The Master proceeded with a pretrial conference and a schedule for discovery. A motion to intervene, filed by individuals and corporations asserting mineral interests in the Louisiana lease, was denied by the Master. By the same order, the Master specified that the proper issue for this Court to resolve was the location of the Louisiana-Mississippi boundary relative to the bottom-hole location of the oil well. On that basis, the case went to trial before the Master in New Orleans on September 20, 1982.
The bed of the Mississippi River between Louisiana and Mississippi has been the subject of other original-jurisdiction litigation here. See Louisiana v. Mississippi, 202 U.S. 1 (1906); Louisiana v. Mississippi, 282 U.S. 458 (1931); Louisiana v. Mississippi, 384 U.S. 24 (1966). In all three of those cases, this Court ruled that the "live thalweg" of the navigable channel of the Mississippi River was the boundary between the two States. 202 U.S., at 53 ; 282 U.S., at 459 , 465, 467; 384 U.S., at 24 , 25, 26. That issue must be regarded as settled. See Tr. of Oral Arg. 4. It forms the predicate, of course, for the present litigation. [466 U.S. 96, 100]
The Giles Bend Cutoff, north of Natchez, was constructed in the 1930's. It captured the main flow of the Mississippi River, which then abandoned an old westerly bend that had marked its principal course. The cutoff, being man-made and effectuating a channel change, obviously, was avulsive; there is, however, no question here as to the state boundary in the latitude of the cutoff itself. We are concerned with the area just upstream from the cutoff.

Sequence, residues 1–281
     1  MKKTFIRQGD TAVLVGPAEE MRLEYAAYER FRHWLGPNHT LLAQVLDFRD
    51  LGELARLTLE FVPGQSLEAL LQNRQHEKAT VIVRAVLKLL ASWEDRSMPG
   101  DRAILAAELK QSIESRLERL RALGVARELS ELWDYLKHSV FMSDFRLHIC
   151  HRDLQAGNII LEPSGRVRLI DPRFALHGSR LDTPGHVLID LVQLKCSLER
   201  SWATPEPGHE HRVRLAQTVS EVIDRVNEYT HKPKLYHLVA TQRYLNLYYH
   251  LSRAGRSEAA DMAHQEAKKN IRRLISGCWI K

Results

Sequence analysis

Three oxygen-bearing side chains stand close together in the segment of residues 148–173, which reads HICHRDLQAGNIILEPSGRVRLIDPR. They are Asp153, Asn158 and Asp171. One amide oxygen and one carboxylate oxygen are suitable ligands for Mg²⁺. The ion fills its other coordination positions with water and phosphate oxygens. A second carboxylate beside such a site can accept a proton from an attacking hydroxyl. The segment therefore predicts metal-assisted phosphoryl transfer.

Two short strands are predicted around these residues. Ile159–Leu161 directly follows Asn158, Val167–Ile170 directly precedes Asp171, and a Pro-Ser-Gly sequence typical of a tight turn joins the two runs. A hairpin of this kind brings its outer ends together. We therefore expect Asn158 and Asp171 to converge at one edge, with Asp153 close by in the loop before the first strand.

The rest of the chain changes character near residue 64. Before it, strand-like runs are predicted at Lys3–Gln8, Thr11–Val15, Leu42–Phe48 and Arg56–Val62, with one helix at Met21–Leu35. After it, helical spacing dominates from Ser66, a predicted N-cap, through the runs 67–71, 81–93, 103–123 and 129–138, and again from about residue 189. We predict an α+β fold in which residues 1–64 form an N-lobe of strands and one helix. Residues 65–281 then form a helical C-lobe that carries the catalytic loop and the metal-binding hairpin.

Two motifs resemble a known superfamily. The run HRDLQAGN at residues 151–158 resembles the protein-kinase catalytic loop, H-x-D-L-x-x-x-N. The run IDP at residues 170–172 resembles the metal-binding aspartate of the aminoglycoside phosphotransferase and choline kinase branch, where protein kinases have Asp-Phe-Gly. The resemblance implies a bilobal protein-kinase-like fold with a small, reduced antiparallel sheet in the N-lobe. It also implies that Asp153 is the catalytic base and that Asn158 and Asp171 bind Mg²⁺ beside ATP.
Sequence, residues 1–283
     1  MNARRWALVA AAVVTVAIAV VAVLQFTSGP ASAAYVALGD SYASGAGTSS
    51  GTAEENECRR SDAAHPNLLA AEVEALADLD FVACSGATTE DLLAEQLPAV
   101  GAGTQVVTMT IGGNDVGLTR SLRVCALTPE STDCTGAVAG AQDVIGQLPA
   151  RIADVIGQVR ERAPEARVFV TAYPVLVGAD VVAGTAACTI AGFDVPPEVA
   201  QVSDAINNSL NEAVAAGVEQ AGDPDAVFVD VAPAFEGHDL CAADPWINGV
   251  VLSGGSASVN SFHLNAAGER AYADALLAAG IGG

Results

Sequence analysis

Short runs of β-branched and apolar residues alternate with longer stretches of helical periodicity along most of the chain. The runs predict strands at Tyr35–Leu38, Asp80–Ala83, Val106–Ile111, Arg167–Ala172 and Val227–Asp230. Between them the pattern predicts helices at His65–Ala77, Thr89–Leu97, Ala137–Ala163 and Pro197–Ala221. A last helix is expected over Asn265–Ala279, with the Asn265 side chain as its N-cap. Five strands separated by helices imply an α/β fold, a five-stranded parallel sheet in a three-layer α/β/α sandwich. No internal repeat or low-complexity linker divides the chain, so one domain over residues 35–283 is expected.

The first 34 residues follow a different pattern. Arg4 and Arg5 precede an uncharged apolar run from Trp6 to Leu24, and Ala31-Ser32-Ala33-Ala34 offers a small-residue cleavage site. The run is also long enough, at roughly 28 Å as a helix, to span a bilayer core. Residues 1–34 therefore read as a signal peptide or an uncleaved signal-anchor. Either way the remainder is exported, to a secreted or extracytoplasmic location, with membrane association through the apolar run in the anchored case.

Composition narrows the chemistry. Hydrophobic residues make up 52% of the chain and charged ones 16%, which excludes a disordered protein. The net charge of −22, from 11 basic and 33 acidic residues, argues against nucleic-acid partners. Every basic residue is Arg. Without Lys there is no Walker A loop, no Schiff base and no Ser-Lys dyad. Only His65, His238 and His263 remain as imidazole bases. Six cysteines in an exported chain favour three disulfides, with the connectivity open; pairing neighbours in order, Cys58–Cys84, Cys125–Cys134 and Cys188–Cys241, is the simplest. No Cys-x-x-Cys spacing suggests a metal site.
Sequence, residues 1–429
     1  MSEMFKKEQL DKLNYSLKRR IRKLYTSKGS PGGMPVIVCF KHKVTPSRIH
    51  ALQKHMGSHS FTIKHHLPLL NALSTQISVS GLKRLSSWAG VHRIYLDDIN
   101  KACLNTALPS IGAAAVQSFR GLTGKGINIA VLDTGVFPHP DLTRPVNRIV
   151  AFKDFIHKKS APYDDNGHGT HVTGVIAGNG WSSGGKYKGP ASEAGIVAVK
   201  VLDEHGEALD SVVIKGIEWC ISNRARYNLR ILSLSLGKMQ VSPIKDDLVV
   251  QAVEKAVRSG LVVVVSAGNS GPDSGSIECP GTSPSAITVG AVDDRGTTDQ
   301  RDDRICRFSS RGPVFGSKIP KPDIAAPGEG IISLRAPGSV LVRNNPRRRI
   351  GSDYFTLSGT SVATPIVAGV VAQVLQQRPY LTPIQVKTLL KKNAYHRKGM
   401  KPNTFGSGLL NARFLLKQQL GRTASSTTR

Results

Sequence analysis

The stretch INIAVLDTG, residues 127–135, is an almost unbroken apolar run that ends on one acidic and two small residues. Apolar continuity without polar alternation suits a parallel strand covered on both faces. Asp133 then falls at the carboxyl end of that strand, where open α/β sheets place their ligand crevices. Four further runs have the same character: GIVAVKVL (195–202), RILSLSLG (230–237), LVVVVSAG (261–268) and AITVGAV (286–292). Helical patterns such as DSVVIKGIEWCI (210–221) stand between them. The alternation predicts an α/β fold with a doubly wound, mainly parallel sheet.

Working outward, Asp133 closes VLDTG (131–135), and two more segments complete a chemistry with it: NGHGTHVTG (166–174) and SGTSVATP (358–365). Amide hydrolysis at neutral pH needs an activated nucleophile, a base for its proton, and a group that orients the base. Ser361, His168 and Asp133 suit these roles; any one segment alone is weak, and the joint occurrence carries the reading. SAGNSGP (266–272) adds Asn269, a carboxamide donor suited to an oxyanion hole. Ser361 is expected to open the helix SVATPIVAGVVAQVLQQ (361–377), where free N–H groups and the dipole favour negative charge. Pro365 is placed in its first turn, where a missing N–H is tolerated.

The proposition, stated above, that the live thalweg of the navigable channel of the Mississippi River is the boundary between Louisiana and Mississippi in itself affords little help in this case and does not take us very far. Indeed, the parties do not dispute the applicable general legal principles. Mississippi itself observes that there is "no serious disagreement . . . as to the law of the case." Mississippi's Exceptions 4. See Reply Brief for Louisiana 5.
A boundary defined as the live thalweg usually will be dynamic in that it follows the course of the stream as its bed and channel change with the gradual processes of erosion and accretion. Arkansas v. Tennessee, 246 U.S. 158, 173 (1918); Arkansas v. Tennessee, 397 U.S. 88, 89 -90 (1970). In contrast, however, the boundary may become fixed when, by avulsive action, the stream suddenly leaves its old bed and forms a new one. Arkansas v. Tennessee, 246 U.S., at 173 , 175; Arkansas v. Tennessee, 397 U.S., at 89 -90. Thus, merely to say that the live thalweg is the boundary does not lead us here to an easy conclusion, for, as Mississippi argues, that thalweg may wander, and, if it wanders far enough, the bottom hole of this particular well may find itself at different times on opposite sides of the state line.